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Top 5 Facts About Flooding

VO: Rebecca Brayton WRITTEN BY: Michael Wynands

Script written by Michael Wynands

Water might be essential to life, but this is clearly too much of a good thing. From the aftereffects to the immeasurable damage, here are some things you need to know about flooding. WatchMojo counts down the Top 5 Facts About Flooding. Special thanks to our user Kris A for suggesting this idea! Check out the voting page at http://WatchMojo.comsuggest/Top+5+Facts+About+Flooding.

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Script written by Michael Wynands

Top 5 Facts About Flooding

Water might be essential to life, but this is clearly too much of a good thing. Welcome to, and today we’re counting down our picks for the top 5 things you should know about flooding.

For this list, we’re taking a deep dive into the terrifying realities of this type of natural disaster.

#5: They Can Come Out of Nowhere

Flooding is always serious business, but at least when it’s a slow buildup you have time to prepare or evacuate. When flash flooding occurs, low-lying, but fast moving water rushes through an area with little warning, picking up debris as it goes. They typically result from heavy rainfall in a flat area where there is poor drainage or soil with limited water retention. Because of the relatively low height of flash flood water, people tend not to take it seriously, but it has the ability to sweep away pedestrians and vehicles alike, with potentially fatal results. They’re particularly dangerous in canyons and ravines.

#4: They Come in Various Forms, Each with Their Own Unique Risks

Coastal flooding happens along the ocean, and is characterized by heavy surges of water pushing up well beyond the beachfront. During heavy storms, water can hit coastal property or roadways with colossal force. Depending on the geography and conditions, it doesn’t always run off. Then, there’s over-bank flooding, which is something riverside communities are all too familiar with. Though it may rise slowly, the river water, when it rises above the embankments, can cover large areas of land, incapacitating entire neighborhoods. In regions where winter is harsh, large pieces of surface ice can form natural dams, which results in frigid water being diverted onto land in what’s known as “ice jam flooding”.

#3: You Don't Know What's in the Water

When it comes to flooding, one of the biggest risks is something most people never even consider - the contents of the water. Even if you know the source, you have no idea what it has picked up along the way. If you’re in an agricultural area, consider all the manure and fertilizer. In the suburbs, the sewage and drainage systems will be backed up, meaning that a whole lot of waste could be on the move. Then there’s all the physical debris and garbage to take into account. Regardless of how shallow or slow moving the water might be - avoid making contact, and if that’s not possible, make sure to clean yourself off, ASAP.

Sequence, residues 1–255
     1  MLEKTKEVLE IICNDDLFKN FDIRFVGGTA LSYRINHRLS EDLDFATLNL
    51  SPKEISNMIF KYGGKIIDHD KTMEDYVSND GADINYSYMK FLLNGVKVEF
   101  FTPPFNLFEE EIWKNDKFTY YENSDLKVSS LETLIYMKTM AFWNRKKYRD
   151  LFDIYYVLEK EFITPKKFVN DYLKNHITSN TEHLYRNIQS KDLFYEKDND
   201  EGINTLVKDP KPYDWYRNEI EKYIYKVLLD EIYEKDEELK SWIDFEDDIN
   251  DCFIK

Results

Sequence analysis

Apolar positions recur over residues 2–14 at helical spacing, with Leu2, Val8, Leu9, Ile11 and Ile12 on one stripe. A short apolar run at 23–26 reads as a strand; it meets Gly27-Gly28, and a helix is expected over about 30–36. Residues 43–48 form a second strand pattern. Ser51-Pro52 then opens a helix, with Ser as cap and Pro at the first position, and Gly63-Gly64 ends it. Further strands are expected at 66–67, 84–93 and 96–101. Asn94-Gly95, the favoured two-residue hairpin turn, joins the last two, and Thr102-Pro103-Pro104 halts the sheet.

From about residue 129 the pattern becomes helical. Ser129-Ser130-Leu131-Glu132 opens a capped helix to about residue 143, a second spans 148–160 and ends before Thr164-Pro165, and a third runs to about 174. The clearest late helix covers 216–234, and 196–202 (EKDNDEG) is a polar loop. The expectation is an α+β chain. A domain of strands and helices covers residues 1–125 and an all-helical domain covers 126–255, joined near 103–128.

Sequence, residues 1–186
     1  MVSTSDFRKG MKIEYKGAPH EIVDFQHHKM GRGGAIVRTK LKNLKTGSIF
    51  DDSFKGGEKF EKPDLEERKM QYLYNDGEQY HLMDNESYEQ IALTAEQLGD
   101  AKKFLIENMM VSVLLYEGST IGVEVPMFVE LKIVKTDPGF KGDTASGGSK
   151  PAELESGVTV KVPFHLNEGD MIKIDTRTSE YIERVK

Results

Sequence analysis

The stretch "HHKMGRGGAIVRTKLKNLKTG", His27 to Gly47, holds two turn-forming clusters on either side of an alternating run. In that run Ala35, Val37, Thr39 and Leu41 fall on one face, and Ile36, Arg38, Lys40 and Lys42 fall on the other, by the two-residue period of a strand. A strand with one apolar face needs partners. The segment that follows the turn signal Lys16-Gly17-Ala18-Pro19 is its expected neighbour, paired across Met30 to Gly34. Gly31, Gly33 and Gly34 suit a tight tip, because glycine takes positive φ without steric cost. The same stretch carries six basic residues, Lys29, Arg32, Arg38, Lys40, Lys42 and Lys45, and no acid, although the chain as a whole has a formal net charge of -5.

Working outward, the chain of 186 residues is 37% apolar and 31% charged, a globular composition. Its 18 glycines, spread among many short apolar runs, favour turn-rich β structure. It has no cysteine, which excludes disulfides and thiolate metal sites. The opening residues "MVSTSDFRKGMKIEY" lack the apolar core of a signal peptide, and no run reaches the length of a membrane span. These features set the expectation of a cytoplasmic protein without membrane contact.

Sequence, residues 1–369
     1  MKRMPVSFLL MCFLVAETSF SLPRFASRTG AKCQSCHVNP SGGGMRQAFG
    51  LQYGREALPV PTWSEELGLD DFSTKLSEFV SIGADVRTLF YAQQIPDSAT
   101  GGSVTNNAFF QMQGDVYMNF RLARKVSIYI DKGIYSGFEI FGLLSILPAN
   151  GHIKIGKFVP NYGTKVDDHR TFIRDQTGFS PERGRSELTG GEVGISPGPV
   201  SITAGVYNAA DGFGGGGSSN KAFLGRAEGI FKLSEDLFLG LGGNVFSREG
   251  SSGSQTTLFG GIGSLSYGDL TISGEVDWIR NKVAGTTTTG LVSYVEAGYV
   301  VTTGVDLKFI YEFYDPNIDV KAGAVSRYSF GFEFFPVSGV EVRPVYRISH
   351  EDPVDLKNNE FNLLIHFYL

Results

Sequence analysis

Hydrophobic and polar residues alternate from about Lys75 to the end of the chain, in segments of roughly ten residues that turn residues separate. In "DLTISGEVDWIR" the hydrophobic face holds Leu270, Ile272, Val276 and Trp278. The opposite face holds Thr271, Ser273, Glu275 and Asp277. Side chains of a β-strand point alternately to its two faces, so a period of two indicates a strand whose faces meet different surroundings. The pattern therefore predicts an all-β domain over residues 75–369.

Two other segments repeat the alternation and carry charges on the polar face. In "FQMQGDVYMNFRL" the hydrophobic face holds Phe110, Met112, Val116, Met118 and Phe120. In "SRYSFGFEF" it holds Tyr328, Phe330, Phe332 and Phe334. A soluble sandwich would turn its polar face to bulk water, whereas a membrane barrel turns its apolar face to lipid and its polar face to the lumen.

#2: They Are Very Costly

How much damage could a little water do? Apparently... quite a lot. The average claim per household after a flood is $39,000, which, might not sound like a lot compared to the price of a home. But when you multiply that by the number of homes and businesses affected by flooding every year… those numbers start to add up. Even relatively modest floods can cost millions of dollars, while the major ones in American history have cost in the billions. In 1993, when the Mississippi River Basin flooded in what has since been dubbed the “Great Flood,” the damages totaled as much as an estimated $20 billion. In 2017, flooding came out as the most costly natural disaster in America.

#1: You're Left with Big Problems After the Water Recedes

When the offending water finally recedes, there’s naturally a feeling of relief, but celebration is short-lived. As the water dissipates, it reveals the full extent of the damage done... and it’s usually ugly. Dirt, grime and sediment coats pretty much everything below the flood-line, along with debris and garbage. Buildings need to be evaluated for structural integrity, and even if they prove solid, mold becomes a serious concern moving forward. In agricultural areas, risk of soil contamination is high, and proper testing needs to be done before work can resume. Regardless of where you live, after a flood hits, it takes a lot of time and effort to return life to normal.

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